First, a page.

Technology plays a key role in popular culture; it is what connects us to the rest of the world. For better or worse technology has helped lead the way for the news and entertainment industries, allowing society to see and hear what was happening on a global scale. RCA to Apple is a celebration and look at these technological advances. The exhibit is divided into two categories: sounds and sights.
Moments in life are built around songs. Movies and television shows have long used music and sound effects to trigger reactions before the viewer ever sees the action. Theme songs instantly put you in the mood of the movie or television show. When the needle of a turntable first hits the album, it creates anticipation.
Families once gathered around the radio listening to serialized programs like The Shadow (1930) and War of the Worlds (1938) but with televisions entering the home, they now gathered to watch legendary westerns like The Lone Ranger (1949) and the science fiction juggernaut Star Trek (1966). The iconic voice of Casey Kasem was easily recognizable as he welcomed us to American Top 40 (1970) on our radios each week. Portable radios that allowed us to listen to our favorite radio stations on the go, gave way to the Walkman that let us take our music collection with us. Now with Apple Music, Spotify, and Pandora; those radio shows and music collections are in unlimited supply in the palm of our hands.
The sounds of technology also connect us to friends and family. The creation of the cell phone allowed us to talk to each other wherever we go. The sound of an answering machine message has now been replaced by a text tone. The connection to those closest to us not only grew, our connection to the rest of the world has gone from regional to global. Sound and technology go hand and hand.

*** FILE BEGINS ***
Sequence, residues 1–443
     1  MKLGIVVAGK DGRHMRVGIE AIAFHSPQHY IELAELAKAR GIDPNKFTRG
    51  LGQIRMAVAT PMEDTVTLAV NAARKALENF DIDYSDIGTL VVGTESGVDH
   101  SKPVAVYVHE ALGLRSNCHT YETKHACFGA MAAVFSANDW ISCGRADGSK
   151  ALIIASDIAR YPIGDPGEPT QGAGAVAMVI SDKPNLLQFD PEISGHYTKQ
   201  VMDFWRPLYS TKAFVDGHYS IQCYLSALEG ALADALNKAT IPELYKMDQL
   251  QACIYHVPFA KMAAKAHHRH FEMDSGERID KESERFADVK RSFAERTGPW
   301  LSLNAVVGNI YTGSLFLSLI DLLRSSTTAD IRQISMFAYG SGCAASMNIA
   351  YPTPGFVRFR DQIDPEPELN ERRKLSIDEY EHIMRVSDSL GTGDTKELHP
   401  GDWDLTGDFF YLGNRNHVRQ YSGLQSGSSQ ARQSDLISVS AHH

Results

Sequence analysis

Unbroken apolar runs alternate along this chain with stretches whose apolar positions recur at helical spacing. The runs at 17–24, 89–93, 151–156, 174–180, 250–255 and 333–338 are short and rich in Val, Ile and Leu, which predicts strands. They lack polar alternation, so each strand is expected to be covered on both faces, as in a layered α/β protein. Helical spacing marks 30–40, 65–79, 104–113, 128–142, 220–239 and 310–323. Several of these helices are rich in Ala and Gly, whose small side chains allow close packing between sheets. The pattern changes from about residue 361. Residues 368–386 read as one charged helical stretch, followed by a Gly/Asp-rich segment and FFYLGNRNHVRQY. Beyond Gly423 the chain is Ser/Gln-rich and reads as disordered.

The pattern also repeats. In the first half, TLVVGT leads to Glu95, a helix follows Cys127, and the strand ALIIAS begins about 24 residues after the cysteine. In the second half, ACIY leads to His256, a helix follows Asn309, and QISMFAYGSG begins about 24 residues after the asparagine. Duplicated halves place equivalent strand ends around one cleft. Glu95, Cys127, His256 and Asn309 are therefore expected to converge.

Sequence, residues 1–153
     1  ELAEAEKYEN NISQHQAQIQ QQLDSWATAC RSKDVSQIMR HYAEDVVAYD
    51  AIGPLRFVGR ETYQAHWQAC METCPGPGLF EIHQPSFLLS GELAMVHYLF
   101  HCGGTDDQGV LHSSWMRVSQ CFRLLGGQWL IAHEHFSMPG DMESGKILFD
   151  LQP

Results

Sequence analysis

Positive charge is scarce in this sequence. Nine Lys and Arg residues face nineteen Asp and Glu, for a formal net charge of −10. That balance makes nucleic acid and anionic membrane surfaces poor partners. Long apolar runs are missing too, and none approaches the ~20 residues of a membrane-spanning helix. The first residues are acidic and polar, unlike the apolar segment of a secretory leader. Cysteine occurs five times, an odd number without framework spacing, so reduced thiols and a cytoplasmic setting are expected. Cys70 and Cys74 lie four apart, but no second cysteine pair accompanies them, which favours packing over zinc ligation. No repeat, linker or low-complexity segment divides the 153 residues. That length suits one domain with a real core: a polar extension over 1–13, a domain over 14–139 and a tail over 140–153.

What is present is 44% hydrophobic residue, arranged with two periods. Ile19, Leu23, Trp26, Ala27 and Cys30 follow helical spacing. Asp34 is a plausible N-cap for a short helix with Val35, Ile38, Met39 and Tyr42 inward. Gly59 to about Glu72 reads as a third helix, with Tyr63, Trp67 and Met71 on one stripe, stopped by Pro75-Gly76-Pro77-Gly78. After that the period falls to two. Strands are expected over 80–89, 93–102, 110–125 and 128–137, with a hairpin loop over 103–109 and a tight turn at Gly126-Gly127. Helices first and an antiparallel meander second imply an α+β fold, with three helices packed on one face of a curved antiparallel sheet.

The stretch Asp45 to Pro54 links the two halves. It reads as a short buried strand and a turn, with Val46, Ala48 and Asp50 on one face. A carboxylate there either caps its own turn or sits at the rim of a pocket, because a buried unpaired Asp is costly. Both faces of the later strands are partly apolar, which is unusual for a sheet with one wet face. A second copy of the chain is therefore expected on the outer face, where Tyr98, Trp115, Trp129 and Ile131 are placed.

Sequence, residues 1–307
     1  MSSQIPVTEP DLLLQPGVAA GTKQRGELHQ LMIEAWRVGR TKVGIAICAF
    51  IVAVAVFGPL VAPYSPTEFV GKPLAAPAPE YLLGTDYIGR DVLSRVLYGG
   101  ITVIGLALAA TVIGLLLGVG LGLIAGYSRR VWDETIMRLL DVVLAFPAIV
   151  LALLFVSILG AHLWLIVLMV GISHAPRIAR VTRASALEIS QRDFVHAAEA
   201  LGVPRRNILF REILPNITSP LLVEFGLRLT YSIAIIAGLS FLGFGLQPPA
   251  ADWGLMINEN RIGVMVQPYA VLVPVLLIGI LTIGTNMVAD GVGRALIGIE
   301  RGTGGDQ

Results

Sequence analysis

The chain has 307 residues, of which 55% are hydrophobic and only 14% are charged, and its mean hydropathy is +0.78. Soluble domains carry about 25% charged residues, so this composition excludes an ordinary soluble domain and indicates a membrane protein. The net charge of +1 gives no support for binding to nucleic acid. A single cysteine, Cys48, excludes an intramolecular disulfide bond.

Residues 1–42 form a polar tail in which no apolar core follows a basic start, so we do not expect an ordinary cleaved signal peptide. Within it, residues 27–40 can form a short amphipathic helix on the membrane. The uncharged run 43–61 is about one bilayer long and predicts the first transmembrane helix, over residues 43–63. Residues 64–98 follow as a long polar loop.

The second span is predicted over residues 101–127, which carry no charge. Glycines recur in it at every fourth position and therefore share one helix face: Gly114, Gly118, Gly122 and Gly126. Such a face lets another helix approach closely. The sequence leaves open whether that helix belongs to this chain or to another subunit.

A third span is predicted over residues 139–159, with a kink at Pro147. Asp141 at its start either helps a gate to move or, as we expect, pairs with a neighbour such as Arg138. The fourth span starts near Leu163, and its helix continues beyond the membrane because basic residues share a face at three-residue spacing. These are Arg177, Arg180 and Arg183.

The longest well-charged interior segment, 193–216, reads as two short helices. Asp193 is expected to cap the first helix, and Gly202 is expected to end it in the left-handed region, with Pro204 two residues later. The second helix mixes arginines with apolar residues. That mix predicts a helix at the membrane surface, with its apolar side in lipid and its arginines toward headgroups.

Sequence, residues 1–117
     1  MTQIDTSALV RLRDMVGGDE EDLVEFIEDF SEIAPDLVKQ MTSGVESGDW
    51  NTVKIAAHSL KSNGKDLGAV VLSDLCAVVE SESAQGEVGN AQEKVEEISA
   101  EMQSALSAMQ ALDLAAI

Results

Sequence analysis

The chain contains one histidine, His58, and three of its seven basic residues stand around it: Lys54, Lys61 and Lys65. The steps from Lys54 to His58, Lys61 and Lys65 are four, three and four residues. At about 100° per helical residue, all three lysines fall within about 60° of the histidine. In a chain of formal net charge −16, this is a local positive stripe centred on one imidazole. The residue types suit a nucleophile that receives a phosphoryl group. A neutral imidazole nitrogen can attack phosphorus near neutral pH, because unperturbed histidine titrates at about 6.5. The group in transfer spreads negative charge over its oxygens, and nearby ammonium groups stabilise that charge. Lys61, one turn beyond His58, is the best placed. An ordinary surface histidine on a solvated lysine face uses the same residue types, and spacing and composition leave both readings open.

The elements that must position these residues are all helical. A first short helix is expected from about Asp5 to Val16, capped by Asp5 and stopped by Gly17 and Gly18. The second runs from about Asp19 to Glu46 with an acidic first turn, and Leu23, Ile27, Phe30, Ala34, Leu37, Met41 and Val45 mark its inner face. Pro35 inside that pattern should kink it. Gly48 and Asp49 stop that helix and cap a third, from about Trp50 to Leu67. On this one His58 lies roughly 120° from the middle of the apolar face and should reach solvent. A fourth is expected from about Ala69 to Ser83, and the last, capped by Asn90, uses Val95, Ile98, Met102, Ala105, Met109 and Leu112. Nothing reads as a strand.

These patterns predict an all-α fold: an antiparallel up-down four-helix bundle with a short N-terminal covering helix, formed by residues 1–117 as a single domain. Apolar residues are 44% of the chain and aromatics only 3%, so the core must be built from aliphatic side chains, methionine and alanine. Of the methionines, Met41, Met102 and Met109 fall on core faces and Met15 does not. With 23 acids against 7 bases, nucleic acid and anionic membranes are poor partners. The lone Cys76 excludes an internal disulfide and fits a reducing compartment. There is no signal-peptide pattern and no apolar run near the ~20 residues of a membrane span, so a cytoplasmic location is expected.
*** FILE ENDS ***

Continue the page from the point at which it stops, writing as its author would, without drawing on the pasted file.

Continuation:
The same part of the brain that is in charge of processing our senses is also responsible, at least in part, for storing emotional memories. We perceive up to 80 percent of all impressions by means of our sight. What used to be only available in movie theaters, became available in your home. Radio serials became television programs where action was no longer described, it was shown. During World War II we heard about the war via radio newscasts, newspapers, and news reports shown before movies in theaters; yet with the advent of the television, the Vietnam War came to our living rooms with the nightly news. What we once only heard, we now saw. Family time started to include television events from The Wonderful World of Disney (1954) to The Beatles live recording of All You Need is Love (1967). Families gathered around the television to join in the adventures of Gunsmoke (1955) or sing along to the intro of The Flintstones (1960). Television show finales became talking points the next day and led to speculation for the next season from who shot J.R. on Dallas (1980), to what does Addison showing up mean for Derek and Meredith on Grey’s Anatomy (2005). The Super Bowl turned from televised meeting of the two best teams in football to a full blown entertainment spectacle that has the largest viewing audience each year.
Sight not only changed programming it changed music. Musicians could now create music videos to tell the story of their songs. The creation of MTV (1981) brought music videos to the home and those videos became just as important as the song. Computers brought even more changes to what we could see. They have grown from word processors and analyzing data to now truly bringing the world to your fingertips. That technology led the creation of the smartphone where sight is even more integral. Not only can you watch television, videos, and news stories; you can connect to friends and family via a variety of video conferencing avenues.
Much like sounds, sights and technology go hand in hand.